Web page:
Vanity Fair

Vanity Fair

Book - 2005
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Vanity Fair , by William Makepeace Thackeray , is part of the Barnes & Noble Classics   series, which offers quality editions at affordable prices to the student and the general reader, including new scholarship, thoughtful design, and pages of carefully crafted extras. Here are some of the remarkable features of Barnes & Noble Classics : New introductions commissioned from today''s top writers and scholars Biographies of the authors Chronologies of contemporary historical, biographical, and cultural events Footnotes and endnotes Selective discussions of imitations, parodies, poems, books, plays, paintings, operas, statuary, and films inspired by the work Comments by other famous authors Study questions to challenge the reader''s viewpoints and expectations Bibliographies for further reading Indices & Glossaries, when appropriate All editions are beautifully designed and are printed to superior specifications; some include illustrations of historical interest. Barnes & Noble Classics pulls together a constellation of influences--biographical, historical, and literary--to enrich each reader''s understanding of these enduring works.   "I think I could be a good woman, if I had five thousand a year," observes beautiful and clever Becky Sharp, one of the wickedest--and most appealing--women in all of literature. Becky is just one of the many fascinating figures that populate William Makepeace Thackeray 's novel Vanity Fair , a wonderfully satirical panorama of upper-middle-class life and manners in London at the beginning of the nineteenth century.

Scorned for her lack of money and breeding, Becky must use all her wit, charm and considerable sex appeal to escape her drab destiny as a governess. From London's ballrooms to the battlefields of Waterloo, the bewitching Becky works her wiles on a gallery of memorable characters, including her lecherous employer, Sir Pitt, his rich sister, Miss Crawley, and Pitt's dashing son, Rawdon, the first of Becky's misguided sexual entanglements.

Filled with hilarious dialogue and superb characterizations, Vanity Fair is a richly entertaining comedy that asks the reader, "Which of us is happy in this world? Which of us has his desire? or, having it, is satisfied?"

Features more than 100 illustrations drawn by Thackeray himself for the initial publication.   Nicholas Dames is Assistant Professor of English and Comparative Literature at Columbia University, and is the author of Amnesiac Selves: Nostalgia, Forgetting, and British Fiction, 1810--1870 , and other commentary on nineteenth-century British and French fiction.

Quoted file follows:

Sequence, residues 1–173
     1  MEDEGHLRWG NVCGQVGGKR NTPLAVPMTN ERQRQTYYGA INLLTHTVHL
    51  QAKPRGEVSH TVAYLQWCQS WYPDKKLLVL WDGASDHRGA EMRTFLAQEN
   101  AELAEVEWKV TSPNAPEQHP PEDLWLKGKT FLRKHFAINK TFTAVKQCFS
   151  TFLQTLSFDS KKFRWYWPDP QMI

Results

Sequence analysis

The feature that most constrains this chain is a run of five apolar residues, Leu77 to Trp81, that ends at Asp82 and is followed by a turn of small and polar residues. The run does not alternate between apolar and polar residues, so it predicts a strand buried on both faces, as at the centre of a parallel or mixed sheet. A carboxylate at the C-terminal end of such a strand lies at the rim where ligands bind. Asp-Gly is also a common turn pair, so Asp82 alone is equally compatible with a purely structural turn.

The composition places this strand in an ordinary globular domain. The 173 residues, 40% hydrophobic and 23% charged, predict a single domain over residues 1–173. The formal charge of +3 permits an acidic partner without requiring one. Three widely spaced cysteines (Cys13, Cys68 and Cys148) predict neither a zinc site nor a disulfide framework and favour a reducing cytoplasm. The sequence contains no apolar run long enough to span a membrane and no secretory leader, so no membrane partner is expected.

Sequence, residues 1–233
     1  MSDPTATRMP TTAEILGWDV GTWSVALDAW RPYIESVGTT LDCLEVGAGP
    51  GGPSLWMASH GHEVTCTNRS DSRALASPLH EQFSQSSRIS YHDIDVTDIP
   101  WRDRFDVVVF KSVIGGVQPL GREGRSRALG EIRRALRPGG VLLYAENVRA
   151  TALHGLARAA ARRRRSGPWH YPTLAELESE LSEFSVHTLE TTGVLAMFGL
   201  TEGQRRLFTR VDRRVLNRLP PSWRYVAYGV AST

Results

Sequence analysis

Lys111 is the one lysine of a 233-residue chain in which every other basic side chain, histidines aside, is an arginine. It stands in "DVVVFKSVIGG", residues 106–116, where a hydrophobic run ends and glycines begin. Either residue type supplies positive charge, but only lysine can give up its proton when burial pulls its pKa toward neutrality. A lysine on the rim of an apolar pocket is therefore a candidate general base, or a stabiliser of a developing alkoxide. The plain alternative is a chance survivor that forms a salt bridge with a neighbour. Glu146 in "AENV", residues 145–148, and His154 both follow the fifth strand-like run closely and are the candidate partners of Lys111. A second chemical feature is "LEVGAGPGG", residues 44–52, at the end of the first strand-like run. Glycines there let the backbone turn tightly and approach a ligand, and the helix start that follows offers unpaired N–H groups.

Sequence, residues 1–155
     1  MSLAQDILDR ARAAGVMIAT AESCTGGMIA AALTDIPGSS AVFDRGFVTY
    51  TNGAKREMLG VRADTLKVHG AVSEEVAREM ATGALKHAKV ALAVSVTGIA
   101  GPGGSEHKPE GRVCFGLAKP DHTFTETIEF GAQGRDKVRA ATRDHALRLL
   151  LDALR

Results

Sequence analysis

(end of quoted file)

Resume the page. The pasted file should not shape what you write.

Publisher: New York : Barnes & Noble Classics, 2005, c2003.
ISBN: 9781593083656
1593083653
Characteristics: xxxviii, 696 p. : ill. ; 21 cm.

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d
dwittke
Oct 23, 2015

Some passages were very well put together with good depth and color. Credit should also be given to the pioneering of a 'Becky Sharp' character, which I would assume to be ground breaking at the time. However, overall I found it dull and tiresome.

The author spent most of the story immortalizing the characters and giving creed to their plight; but to conclude many chapters, he would address the reader directly to belittle the characters and plot, pointing out the shallowness of the 'vanity fair'. I found it a strange disconnect.

l
lukasevansherman
Feb 14, 2015

"A novel without a hero."
A contemporary and friend of Dickens, Thackeray is best known for this massive novel, which takes its title from "Pilgrim's Progress." Becky Sharp is one of the great heroines of the 19th century and "Vanity Fair" is one of the triumphs of Victorian fiction. Yes, it's a long read, but a very rewarding one. Thackeray also wrote "Barry Lydon," which was made into an acclaimed film by Stanley Kubrick.

r
rpawlick
Jul 26, 2011

If you liked this book, I recommend "Rebecca, by Daphne Du Maurier" and of course "Jane Eyre". Good book, great vixen.

s
shadowcat1234
Nov 05, 2010

One of those must read books ,a jewel.

m
Mosaic
Oct 13, 2010

What a brilliant novel!

What a pleasure to read!

In short, this is a very readable novel full of vitality and reflection. It is a scathing look at 19th Northern European, especially English, society. The novel ultimately gave me the sense that one should just throw a match on the lot of them and walk away with a good conscience.

I absolutely loved the character of Rebecca Sharp - a woman full of brains, determination, and "hutspa." She was no better than the rest, but at least she had a pulse and understood what it was to enjoy life. I consider her the ultimate hero of the book because it is she that finally gets Amelia and Dobbin together. And, of course, she survives and quite well I might add.

Very enjoyable. I would recommend this book to anyone!

"Ah! Vanitas Vantatium! Which of us is happy in this world? Which of us had his desire? Or, having it is satisfied?"